The fog of exploration in Berlin seems to be slowly clearing. According to media reports, SPD woman Giffey wants to change horses and form a coalition with the CDU. Unanswered questions remain.
According to media reports, the governing mayor and SPD state chairwoman, Franziska Giffey, is aiming for a coalition with the CDU after the repeat election in Berlin. Giffey wants to propose to the SPD state board at its meeting this Wednesday that coalition negotiations with the election winner, the CDU, be started, reported “Frankfurter Allgemeine Zeitung”, “Tagesspiegel”, “Bild/BZ” and other media without citing sources.
So far, a red-green-red coalition has ruled in Berlin, which, alongside CDU-led alliances, would also have a majority in the new House of Representatives. The German Press Agency learned from SPD circles that the trend is towards black and red, but that is not yet fixed. According to reports, the SPD parliamentary group, which was informed about the status of the exploratory talks, is also tending in this direction. “Tagesspiegel” and “Bild/BZ” reported that the SPD state leadership had informed federal chairmen Lars Klingbeil and Saskia Esken of their intentions.
In the case of a CDU-SPD alliance, Giffey would have to leave the town hall
A Berlin SPD spokesman said when asked by the dpa about the reports: “A recommendation to start coalition negotiations has not yet been made to the state executive.” The exploratory team of the Berlin SPD, which had discussed the possibility of forming a government with various parties in the past few days, will only submit a recommendation to the state executive committee to start coalition talks at its meeting on Wednesday.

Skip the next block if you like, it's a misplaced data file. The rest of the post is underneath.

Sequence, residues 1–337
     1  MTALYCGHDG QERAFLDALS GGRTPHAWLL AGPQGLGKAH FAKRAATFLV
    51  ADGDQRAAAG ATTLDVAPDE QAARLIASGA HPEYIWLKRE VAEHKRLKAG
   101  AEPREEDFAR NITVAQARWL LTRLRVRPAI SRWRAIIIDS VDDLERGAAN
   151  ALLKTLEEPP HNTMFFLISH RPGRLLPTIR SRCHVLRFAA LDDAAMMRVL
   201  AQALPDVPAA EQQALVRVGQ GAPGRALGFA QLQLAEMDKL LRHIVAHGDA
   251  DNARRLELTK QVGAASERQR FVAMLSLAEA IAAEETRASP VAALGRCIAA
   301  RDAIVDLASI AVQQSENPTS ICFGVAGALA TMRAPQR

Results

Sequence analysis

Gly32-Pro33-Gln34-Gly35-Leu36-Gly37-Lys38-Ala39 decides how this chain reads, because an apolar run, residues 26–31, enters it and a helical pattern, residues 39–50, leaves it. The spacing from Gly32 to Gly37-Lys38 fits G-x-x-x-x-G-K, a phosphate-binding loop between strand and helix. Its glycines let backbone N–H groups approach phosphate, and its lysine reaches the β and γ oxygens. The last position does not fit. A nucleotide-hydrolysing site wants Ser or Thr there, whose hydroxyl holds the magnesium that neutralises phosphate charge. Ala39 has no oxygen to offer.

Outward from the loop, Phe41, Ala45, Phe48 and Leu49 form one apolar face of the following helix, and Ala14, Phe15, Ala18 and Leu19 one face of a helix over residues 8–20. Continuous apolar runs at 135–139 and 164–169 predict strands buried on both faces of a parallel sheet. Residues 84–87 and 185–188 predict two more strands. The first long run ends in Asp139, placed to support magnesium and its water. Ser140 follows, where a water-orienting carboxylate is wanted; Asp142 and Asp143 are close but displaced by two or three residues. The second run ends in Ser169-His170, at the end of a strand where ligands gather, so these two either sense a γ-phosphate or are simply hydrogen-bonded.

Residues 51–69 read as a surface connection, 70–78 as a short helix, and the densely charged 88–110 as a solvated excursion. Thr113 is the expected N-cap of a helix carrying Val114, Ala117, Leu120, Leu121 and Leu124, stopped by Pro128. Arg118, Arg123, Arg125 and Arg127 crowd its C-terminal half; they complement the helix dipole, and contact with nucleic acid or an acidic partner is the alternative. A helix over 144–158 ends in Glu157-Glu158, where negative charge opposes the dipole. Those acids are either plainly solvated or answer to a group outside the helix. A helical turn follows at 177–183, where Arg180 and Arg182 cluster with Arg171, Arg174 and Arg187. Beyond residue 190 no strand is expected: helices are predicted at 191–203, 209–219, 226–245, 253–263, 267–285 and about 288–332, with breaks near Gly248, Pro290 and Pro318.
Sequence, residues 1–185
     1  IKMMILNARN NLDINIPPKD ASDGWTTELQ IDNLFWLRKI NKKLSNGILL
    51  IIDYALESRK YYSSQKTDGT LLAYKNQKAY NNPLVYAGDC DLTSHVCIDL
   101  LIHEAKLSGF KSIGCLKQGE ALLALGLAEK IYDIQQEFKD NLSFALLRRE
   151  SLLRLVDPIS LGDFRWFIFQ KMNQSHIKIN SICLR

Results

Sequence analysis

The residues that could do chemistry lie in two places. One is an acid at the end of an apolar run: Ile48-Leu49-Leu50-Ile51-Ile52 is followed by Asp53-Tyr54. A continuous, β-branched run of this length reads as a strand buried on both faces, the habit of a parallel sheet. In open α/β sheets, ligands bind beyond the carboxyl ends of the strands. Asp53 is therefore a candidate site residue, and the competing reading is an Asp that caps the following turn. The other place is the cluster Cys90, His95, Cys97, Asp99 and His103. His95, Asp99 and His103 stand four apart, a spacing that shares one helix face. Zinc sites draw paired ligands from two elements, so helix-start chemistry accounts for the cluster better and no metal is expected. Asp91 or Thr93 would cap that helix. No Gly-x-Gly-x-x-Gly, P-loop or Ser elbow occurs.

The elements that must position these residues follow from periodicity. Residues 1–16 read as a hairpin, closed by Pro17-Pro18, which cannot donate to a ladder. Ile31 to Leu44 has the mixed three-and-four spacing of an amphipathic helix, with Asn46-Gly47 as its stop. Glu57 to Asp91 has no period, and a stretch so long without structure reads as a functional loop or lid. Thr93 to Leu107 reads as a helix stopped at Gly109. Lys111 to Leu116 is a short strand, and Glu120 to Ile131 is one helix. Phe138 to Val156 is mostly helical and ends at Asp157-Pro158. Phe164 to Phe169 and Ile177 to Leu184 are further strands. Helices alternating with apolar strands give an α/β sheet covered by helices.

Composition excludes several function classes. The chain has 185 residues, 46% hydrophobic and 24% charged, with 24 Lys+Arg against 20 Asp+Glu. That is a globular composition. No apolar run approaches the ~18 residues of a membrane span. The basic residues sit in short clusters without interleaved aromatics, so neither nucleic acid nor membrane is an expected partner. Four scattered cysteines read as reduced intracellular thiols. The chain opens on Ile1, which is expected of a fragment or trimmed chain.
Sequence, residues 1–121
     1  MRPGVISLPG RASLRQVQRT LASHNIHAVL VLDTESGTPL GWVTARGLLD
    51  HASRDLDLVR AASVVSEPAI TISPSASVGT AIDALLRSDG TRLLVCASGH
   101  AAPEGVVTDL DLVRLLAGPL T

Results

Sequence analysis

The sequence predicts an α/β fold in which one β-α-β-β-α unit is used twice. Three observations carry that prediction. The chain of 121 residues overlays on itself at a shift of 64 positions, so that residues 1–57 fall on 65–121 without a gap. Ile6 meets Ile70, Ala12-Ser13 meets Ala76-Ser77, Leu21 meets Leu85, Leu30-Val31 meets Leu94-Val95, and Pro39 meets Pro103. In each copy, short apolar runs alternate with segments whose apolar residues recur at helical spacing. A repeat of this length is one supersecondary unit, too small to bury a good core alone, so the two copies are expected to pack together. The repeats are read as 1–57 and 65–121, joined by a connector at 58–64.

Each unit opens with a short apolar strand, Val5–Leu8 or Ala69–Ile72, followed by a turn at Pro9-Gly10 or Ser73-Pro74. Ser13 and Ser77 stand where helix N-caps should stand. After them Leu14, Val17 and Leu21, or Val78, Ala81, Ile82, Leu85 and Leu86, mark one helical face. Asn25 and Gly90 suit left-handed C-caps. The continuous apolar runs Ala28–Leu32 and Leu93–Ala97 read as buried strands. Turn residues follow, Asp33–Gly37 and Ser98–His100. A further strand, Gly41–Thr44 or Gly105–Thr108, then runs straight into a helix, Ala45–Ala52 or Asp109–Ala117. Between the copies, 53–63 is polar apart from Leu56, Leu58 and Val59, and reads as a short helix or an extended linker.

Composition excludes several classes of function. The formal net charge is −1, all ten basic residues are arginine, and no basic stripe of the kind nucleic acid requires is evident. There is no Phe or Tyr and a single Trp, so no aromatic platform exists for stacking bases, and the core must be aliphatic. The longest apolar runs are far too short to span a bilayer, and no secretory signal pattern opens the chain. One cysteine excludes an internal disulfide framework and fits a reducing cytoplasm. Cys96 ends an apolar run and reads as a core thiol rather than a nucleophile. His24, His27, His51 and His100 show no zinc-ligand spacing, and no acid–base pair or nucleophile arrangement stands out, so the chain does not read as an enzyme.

The CDU clearly won the repeat election on February 12 with 28.2 percent. SPD and Greens both got 18.4 percent. With 53 votes, the Social Democrats only have a wafer-thin lead over the Greens. They did worse than ever in a House of Representatives election. The left came to 12.2 percent, the AfD to 9.1. The FDP flew with 4.6 percent from the parliament, which now has five instead of six parliamentary groups.
If the CDU and SPD start coalition negotiations and these are successful, there will be a change of power in the capital, which has been governed red-green-red since 2016. Giffey, who has only been Prime Minister since December 2021, would have to leave City Hall again. In this case, the new governing mayor would be the CDU top candidate and state chairman Kai Wegner. The CDU last provided a head of government in Berlin with Eberhard Diepgen, who was in office from 1984 to 1989 and from 1991 to 2001. However, Giffey could become a senator in a black-red government.
The left wants coalition negotiations with the SPD and the Greens
Meanwhile, the left wants to continue to form a coalition with the SPD and the Greens. The state board of the party decided to propose the start of coalition negotiations with the previous alliance partners at a party conference planned for Friday.
“During the soundings, we definitely got the impression that with #RGR we could work through the open tasks from the coalition agreement by 2026 as well as take care of the functioning of the city, with progressive majorities,” tweeted Linke top candidate and Senator for Culture Klaus Lederer. “Regardless of the signals from the SPD, no progressive policy in Berlin will fail us. We are ready for it.”
Since February 17, the parties have been exploring in exploratory talks whether there is a common basis for starting coalition negotiations and for forming a government. The CDU spoke three times each with the SPD and the Greens. SPD, Greens and Left have also met three times in the past day.
The Berlin Constitutional Court declared the September 26, 2021 election invalid due to “serious systemic deficiencies” and numerous electoral errors. The court ordered a full retake. Nothing changes in the length of the five-year legislative period. So it ends in 2026.
Election results All elected MPs Tweets Lederer “Bild” report “FAZ” report Tagesspiegel report
I have been working in the news industry for over 6 years, first as a reporter and now as an editor. I have covered politics extensively, and my work has appeared in major newspapers and online news outlets around the world. In addition to my writing, I also contribute regularly to 24 Hours World.